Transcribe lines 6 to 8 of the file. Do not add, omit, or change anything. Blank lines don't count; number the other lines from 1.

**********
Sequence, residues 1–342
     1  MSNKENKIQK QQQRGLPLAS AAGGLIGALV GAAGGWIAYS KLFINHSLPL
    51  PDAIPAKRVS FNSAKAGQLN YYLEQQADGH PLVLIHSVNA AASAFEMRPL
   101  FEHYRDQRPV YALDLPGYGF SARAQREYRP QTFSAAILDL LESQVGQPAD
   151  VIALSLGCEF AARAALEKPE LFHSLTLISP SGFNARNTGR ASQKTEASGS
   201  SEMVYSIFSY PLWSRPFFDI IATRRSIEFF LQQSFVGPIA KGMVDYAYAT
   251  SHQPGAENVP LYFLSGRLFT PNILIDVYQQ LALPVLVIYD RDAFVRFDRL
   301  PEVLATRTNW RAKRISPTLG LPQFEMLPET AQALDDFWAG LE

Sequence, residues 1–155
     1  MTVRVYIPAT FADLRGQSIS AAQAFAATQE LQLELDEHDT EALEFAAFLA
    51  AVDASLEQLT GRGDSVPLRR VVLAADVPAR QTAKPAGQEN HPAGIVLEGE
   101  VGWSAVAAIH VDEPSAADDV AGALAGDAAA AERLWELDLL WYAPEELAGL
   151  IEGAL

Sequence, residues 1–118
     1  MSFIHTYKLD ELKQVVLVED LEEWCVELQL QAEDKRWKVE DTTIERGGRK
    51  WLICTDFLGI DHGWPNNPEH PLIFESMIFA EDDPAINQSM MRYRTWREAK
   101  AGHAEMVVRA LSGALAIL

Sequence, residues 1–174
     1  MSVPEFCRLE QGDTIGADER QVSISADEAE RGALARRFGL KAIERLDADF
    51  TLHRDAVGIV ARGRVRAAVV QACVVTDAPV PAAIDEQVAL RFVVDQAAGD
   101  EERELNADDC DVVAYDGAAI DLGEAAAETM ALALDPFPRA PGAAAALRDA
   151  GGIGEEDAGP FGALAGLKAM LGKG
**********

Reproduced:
   201  SEMVYSIFSY PLWSRPFFDI IATRRSIEFF LQQSFVGPIA KGMVDYAYAT
   251  SHQPGAENVP LYFLSGRLFT PNILIDVYQQ LALPVLVIYD RDAFVRFDRL
   301  PEVLATRTNW RAKRISPTLG LPQFEMLPET AQALDDFWAG LE